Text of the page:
Wednesday, July 13, 2016

Is Sharing Your Passwords Now Illegal?

It has always been a bad idea to give someone else your password, and it is against West Virginia University policy, yet we all know people who do it. Recent headlines have claimed that this is now a criminal act. In a decision last week, the Ninth Circuit Court of Appeals decided that a person who had been given another person's password could be held liable for hacking under the Computer Fraud and Abuse Act. The court says that this decision only applies to this particular case and set of circumstances, but since our legal system is so often based on precedent, a number of panicked articles have appeared:
For a more even and informed analysis of this decision, you should read this article by Orin Kerr, a professor at George Washington University Law School, in The Washington Post.
This case provides a great opportunity to become more aware of the issues surrounding the Computer Fraud and Abuse Act, but it also provides a great opportunity to review your own computer security practices. Do you give an assistant or colleague your password? Have you thought about whether this could make you liable for actions they make while using your account? Have you thought about whether this could make them a "hacker" in the eyes of the law? Have you considered how easily someone from outside your organization could "social engineer" or talk someone into giving away a credential?
For more about good security practices at West Virginia University, please visit the ITS informational website:

Thursday, June 30, 2016

Adobe's New LMS

Adobe has a relatively new program out called Captivate Prime.  Captivate Prime is a Learning Management System geared for corporate training.

Captivate Prime claims to be easy to set up and manage (typically in three steps) and conducive to a varied content integration (PPTX, Video, PDF, DOCX, AICC and SCORM packages).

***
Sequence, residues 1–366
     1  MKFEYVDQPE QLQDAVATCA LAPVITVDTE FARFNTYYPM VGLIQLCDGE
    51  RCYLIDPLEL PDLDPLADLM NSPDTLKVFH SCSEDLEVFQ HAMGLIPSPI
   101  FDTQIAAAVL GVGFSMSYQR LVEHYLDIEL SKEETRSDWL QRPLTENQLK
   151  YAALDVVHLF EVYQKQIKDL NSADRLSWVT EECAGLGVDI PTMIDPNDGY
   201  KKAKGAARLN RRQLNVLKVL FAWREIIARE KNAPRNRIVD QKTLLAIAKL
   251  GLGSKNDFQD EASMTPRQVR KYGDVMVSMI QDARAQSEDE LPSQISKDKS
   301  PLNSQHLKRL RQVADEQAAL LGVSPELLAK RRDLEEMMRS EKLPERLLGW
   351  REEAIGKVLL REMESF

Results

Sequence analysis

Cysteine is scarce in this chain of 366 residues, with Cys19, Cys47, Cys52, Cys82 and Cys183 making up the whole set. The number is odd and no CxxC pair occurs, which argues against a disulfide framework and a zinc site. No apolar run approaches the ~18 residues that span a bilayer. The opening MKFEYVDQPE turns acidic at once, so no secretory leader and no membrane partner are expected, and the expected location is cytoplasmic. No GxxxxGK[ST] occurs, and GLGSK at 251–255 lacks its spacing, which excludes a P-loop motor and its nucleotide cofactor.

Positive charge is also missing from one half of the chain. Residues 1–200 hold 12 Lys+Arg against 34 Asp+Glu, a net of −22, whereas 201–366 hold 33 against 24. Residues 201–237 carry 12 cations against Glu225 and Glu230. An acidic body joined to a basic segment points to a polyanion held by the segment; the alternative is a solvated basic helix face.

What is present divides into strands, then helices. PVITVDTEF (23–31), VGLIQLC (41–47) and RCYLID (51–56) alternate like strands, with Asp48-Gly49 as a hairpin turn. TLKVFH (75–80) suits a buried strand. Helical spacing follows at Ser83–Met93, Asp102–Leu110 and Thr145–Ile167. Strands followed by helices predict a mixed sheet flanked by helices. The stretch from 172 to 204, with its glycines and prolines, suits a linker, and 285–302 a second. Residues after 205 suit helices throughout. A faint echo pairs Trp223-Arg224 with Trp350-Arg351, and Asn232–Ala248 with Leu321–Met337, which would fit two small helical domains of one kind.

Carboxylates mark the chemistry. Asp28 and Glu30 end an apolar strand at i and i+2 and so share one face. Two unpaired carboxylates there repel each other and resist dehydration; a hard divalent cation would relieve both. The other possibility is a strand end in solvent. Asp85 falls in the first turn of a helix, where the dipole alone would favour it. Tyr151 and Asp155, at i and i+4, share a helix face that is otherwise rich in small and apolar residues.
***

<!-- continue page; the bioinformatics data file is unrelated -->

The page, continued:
The player works on desktop as well as in mobile/tablet (using the Prime app) environments using what Adobe terms as the Fluidic Player.  Learners will have their own dashboard where they can view their progress, skills attained, and even badges earned.  Further, the player will let users to bookmark their lessons as well as take and maintain notes.

Another interesting feature is how Captivate Prime apparently lets administrators tag and link learning modules together to create courses; which can be linked together into programs.  It sounds like object oriented  course design     

I look forward to seeing the program in action.  It could do well for corporate training due to it's ease of set up and use for even non-technical administrators.

To see more details visit Adobe's website on Captivate Prime at:

Friday, June 24, 2016

3D Printer Buying Guide

Although they have been around in some form since the 1980s, 3D printers - devices that create three-dimensional physical objects from digital design files - have been gaining popularity in recent years. There are now a multitude of 3D printers available to purchase ranging from affordable to expensive. Instructors in higher education are still finding new ways to use the printers to produce prototypes and models. An article on attempts to categorize some of the many printers on the market in its 3D Printer Buyer’s Guide
The guide currently covers 23 popular 3D printers and their capabilities in four categories:
  1. Category 1: Budget/Entry-Level 3D Printers ($300-$800)
  2. Category 2: Enthusiast/Mid-Range 3D Printers ($800-$2,000)
  3. Category 3: Enthusiast-to-Prosumer Premium 3D Printers ($2,000+)
  4. Category 4: SLA / DLP Resin 3D printers

It also includes considerations when choosing a 3D printer such as:
  • Technology used
  • Build volume
  • Printing materials needed
  • Speed
  • Resolution
  • and more

Take a look through the 3D Printer Buyer's Guide and see which one fits your needs in terms of functionality, materials needed, and cost effectiveness.